Digital Revolution Analysis

1608 Words7 Pages
Michael Curtin, Jennifer Holt, and Kevin Sanson discuss the concept of digital distribution in their book Digital Revolution: Conversations about the Digital Future of Film and Television. They state that, “the digital distribution revolution is… a dynamic and multifaceted process, affecting almost every aspect of film and television industries.” Distribution has become a top concern and the most profitable area of the industry. As Time Warner’s CEO has indicated, “he no longer considers digital delivery simply an ancillary aftermarket.” As digital delivery has become an important asset in the profitability of film, the cause of this change has quickly been determined to be advancements in technology. Curtin, Holt and Sanson assert that…show more content…
Smart phones not only save contacts, make calls, and text, but also act as GPS, mini-computers, calendars, secretaries, and more. Mobile phones are a highly normalized patrician of the technological advancements the world has come to rely on, and the changes that technology has enacted on the film industry in regards to distribution are still being realized. It is easy to determine the “what” that has changed, but another angle to work from is the origins of the choices to adapt new technologies. Curtin, Holt, and Sanson argue that “the digital distribution revolution emerged in part as a consequence of corporate maneuvers” and that “…commercial competition took place in the context of common perceptions about the role of media in society and political struggles about free expression and the public good.” Industry executives are constantly looking for ways to make high profits from their products. Not only has the industry been given the tools to make films more efficiently with greater spectacles of special effects via props, camera work, and editing, but the ways in which they can offer their products to their consumers has transformed as…show more content…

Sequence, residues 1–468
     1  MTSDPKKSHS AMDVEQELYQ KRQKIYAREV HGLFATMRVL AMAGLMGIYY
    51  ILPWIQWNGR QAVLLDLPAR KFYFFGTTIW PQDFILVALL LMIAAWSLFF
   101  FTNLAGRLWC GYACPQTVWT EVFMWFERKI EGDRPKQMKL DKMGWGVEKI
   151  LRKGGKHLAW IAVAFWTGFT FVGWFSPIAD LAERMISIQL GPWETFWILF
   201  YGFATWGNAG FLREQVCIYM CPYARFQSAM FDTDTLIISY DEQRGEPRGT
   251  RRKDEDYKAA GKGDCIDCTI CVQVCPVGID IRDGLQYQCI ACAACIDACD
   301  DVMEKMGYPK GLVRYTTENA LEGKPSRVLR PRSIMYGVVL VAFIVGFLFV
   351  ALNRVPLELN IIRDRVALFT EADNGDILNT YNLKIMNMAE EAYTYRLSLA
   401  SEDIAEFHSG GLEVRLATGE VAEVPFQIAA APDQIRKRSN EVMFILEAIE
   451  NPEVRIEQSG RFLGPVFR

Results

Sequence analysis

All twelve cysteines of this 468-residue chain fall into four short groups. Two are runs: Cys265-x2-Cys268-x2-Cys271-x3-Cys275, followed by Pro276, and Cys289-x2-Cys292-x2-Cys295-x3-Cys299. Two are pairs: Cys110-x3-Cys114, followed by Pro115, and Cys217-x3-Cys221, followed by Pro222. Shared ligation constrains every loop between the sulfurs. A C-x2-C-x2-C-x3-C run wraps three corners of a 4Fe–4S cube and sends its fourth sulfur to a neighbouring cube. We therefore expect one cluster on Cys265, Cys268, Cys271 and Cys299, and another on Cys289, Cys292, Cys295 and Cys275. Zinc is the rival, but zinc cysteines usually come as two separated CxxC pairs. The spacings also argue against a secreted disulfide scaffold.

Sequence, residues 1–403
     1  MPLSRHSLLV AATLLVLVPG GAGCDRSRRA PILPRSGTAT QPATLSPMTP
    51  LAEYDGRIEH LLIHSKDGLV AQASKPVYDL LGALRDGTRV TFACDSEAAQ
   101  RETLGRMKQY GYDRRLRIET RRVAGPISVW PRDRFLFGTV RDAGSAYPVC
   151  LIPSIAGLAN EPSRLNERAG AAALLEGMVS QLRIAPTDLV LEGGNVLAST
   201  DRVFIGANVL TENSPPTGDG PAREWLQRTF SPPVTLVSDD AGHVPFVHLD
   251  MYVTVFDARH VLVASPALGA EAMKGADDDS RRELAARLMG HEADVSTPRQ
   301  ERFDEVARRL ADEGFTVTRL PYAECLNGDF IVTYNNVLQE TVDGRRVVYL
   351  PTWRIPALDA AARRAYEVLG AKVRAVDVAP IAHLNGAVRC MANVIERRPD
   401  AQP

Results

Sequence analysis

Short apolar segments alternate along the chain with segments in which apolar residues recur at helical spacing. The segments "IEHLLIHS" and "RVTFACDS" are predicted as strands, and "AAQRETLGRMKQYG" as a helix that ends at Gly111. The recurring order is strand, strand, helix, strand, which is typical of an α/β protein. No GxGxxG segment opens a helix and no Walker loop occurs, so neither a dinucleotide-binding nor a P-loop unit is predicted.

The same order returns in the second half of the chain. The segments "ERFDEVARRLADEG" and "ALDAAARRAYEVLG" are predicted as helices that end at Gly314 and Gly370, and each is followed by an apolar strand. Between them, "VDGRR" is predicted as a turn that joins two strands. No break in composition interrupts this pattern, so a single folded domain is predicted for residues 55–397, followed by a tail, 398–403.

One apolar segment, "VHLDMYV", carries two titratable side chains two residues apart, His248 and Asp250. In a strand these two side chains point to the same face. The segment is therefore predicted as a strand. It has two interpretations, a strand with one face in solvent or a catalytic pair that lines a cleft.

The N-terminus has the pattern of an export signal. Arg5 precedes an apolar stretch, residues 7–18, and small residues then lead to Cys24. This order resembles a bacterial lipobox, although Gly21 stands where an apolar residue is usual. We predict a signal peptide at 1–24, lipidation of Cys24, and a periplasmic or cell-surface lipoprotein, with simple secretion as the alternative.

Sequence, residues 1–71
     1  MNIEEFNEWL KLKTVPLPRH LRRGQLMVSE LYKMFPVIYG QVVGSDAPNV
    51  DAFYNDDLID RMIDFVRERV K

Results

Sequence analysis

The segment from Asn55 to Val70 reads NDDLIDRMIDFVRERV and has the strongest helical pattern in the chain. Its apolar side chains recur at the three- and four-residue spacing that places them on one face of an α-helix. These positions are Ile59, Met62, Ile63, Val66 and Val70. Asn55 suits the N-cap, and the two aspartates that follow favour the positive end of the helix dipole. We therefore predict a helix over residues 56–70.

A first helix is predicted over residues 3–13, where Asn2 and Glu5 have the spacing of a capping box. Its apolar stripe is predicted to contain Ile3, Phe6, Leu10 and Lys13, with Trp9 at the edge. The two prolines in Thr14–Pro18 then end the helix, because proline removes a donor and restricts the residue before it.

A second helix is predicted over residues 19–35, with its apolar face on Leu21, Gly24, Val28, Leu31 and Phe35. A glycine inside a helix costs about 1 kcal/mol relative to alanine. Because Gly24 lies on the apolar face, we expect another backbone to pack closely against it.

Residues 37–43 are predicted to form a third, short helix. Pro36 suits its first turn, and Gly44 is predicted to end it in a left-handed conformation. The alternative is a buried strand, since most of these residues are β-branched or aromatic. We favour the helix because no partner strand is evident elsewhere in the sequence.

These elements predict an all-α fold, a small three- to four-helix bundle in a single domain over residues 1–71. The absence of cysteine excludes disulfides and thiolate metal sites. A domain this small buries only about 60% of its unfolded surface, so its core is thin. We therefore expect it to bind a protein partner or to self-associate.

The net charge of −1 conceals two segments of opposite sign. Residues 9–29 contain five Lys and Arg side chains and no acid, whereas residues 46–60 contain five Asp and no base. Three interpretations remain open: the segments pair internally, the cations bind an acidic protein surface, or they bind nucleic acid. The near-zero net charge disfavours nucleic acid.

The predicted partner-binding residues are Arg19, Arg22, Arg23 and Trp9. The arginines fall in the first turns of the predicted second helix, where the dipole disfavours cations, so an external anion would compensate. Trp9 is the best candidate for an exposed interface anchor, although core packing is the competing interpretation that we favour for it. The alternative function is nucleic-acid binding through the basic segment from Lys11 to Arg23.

Duy Dao and Hyoduk Shin explore the decreasing windows between theatrical and home release, and the implications of day-and-date releases in their recent article, Optimal Timing of Sequential Distribution: The Impact of Congrestion Externalities and Day-and-Date Strategies, in the journal of Marketing Science. The changes in the film industry are not solely due to technology. Industry officials are interested in maximizing profit, therefore are challenging previous norms in place of innovative advancement in distribution. In their study, Dao and Shin find an unexpected correlation between film quality and the subsequent success in multiplatform releases and the push from companies to shorten the distribution window to continue to increase profits, through a marketing model that examines consumptive preferences, industry inputs, and profitability. Effective marketing takes into account not only the consumer, but the quality and cost needed to meet expectations while turning the largest profit possible. Audiences are only willing to pay so much money for a film based on its perceived value. This “value” is considered to be the quality of the film. Quality can range from shooting definition, special

    More about Digital Revolution Analysis

      Open Document